Author Archives: MKMPhotography

Shallow Depth of Field

Introduction: Shallow depth of field can be used in photography to create softened and blurred backgrounds and highlight particular objects in the foreground in detail, to create a dramatic effect. It is particularly useful for up close photography and concentrating … Continue reading

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Anthotype Process

Introduction: Anthotypes are a way to create fine art images from garden and household plants. The elegant process was originally invented by Sir William Herschel in 1842. An emulsion is made from crushed flower petals or any other light-sensitive plant, fruit or … Continue reading

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Large Format

Introduction: Large format utilises 5″x 4″ individual film slides for the highest level of image reproduction available to the film media.  Due to its high cost and lack of easy role delivery system, large format photography was reserved for high … Continue reading

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Medium Format

Introduction: Medium format photography utilises 110mm film that is larger that that of 35mm standard photography, yet slightly smaller than large format 5″x 4″ film. Due to the increase film size a higher level of detail can be captured. Prominent … Continue reading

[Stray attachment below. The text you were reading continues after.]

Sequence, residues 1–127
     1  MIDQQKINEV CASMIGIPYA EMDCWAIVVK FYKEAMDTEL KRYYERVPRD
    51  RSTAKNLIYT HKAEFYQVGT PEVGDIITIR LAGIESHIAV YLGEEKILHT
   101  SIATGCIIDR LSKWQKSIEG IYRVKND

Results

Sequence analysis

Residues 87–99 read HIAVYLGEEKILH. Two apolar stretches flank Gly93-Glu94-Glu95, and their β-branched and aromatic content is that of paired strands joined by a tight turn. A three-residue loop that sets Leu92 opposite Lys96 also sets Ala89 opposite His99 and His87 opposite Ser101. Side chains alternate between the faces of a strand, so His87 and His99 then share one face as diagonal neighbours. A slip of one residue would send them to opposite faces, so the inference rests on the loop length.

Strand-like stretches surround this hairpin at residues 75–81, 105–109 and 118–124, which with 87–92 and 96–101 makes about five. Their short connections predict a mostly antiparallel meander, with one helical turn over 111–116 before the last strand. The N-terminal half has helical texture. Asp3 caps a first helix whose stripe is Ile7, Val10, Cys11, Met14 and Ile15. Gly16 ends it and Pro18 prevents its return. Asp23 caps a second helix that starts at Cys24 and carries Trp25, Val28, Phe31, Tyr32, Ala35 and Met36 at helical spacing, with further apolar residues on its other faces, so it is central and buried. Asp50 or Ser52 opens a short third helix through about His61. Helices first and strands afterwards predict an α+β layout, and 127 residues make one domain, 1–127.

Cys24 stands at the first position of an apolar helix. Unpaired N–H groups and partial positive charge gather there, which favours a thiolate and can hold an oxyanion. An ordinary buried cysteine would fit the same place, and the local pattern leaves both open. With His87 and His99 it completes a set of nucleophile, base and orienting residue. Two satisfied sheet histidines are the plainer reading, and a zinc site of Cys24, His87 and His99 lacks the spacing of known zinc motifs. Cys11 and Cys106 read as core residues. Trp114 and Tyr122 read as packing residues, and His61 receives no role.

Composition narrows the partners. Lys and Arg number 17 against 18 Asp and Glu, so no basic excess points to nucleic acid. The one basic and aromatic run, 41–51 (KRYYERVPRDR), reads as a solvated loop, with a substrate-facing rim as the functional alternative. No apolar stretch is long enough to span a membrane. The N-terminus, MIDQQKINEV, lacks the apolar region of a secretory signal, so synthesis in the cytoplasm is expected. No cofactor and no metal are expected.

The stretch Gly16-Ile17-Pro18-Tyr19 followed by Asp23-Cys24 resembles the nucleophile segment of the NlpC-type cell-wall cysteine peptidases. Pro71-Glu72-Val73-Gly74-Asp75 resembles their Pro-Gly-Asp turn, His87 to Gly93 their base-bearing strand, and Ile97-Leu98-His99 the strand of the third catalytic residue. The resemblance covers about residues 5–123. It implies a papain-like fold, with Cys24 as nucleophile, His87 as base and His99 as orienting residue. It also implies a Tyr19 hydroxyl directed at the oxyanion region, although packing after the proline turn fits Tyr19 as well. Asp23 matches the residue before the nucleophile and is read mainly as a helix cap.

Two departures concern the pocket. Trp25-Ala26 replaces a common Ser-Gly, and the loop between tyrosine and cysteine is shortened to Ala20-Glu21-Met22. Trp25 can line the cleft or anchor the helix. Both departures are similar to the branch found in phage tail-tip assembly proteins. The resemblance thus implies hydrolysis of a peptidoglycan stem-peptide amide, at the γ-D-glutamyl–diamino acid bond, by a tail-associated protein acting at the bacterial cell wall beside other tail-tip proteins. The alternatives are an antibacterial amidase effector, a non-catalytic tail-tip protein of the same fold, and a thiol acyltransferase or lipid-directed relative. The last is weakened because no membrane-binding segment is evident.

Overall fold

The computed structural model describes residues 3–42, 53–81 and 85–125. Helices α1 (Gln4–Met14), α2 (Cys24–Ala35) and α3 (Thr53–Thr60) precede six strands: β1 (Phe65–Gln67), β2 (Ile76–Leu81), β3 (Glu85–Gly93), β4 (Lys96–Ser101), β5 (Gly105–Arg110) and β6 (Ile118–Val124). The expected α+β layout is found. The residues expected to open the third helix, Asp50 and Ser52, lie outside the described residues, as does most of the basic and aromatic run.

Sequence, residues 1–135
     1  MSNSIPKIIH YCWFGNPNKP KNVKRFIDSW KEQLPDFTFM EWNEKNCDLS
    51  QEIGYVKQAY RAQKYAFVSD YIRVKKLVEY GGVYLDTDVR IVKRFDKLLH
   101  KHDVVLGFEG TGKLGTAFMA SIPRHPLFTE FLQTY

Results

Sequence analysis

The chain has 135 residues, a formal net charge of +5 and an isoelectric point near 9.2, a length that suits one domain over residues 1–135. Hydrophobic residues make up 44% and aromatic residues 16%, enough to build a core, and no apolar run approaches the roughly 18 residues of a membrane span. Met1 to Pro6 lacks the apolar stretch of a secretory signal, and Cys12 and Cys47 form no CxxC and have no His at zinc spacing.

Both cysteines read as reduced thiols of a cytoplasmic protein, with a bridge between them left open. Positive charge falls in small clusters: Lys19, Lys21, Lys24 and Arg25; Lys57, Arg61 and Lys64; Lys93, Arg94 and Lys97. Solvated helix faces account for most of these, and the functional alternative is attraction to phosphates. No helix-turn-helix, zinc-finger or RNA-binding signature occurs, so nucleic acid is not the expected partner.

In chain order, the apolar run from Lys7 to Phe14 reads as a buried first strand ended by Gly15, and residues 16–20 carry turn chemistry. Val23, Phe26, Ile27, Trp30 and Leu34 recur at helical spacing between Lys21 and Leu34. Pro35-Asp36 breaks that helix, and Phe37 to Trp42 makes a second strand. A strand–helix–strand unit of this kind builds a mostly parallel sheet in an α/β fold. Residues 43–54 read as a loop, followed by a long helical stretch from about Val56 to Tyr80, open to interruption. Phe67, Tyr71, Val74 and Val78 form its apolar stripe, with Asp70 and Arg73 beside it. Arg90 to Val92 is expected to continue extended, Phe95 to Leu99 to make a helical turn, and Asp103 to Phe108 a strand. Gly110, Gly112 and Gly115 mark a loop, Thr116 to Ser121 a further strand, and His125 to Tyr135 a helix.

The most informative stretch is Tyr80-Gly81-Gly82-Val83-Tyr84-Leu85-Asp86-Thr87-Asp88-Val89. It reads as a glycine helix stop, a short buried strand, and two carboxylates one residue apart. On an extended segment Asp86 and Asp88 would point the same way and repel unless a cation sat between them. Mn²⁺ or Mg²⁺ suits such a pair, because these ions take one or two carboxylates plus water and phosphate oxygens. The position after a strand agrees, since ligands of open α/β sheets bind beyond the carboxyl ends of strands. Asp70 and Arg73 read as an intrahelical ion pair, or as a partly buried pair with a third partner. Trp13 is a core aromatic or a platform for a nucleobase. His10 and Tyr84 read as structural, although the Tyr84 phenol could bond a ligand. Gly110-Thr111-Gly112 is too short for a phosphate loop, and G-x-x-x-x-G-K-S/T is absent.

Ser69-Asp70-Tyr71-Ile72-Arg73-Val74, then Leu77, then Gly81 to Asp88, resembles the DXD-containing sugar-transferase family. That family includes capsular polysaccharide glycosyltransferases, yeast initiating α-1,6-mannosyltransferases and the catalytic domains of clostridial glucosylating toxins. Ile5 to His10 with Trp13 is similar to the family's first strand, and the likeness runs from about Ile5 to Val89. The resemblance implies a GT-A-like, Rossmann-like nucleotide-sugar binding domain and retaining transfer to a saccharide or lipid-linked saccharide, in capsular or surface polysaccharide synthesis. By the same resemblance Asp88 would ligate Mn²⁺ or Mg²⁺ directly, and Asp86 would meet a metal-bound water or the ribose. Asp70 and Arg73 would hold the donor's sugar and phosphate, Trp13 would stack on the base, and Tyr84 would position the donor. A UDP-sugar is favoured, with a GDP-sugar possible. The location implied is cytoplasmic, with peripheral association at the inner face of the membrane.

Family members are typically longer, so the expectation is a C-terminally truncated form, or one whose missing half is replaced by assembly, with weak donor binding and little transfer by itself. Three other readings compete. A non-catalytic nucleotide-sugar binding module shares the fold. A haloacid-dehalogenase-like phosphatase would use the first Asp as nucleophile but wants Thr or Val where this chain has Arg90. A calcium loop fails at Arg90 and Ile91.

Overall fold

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Digital Negative Process

Introduction: This is a process that allows for negative film to be turned into a digital file and then to be printed onto transparency film to be used in photographic process, such as the Cyanotype. This process also allows for … Continue reading

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Negative Film Format Sizes and Camera Sensor Sizes

Negative film format is the size or shape of the camera sensor, film negative or film positive. The bigger the format the more pixels are required. The main basic film formats are sub-miniature, APS, standard, medium and large format. Film … Continue reading

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High Key and Low Key Portrait

Introduction: High Key and Low Key photography make use of lighting and contrast (or lack of) to create a specific mood. Originally high key photography emerged as a solution for screens that could not correctly display high contrast ratios. Today … Continue reading

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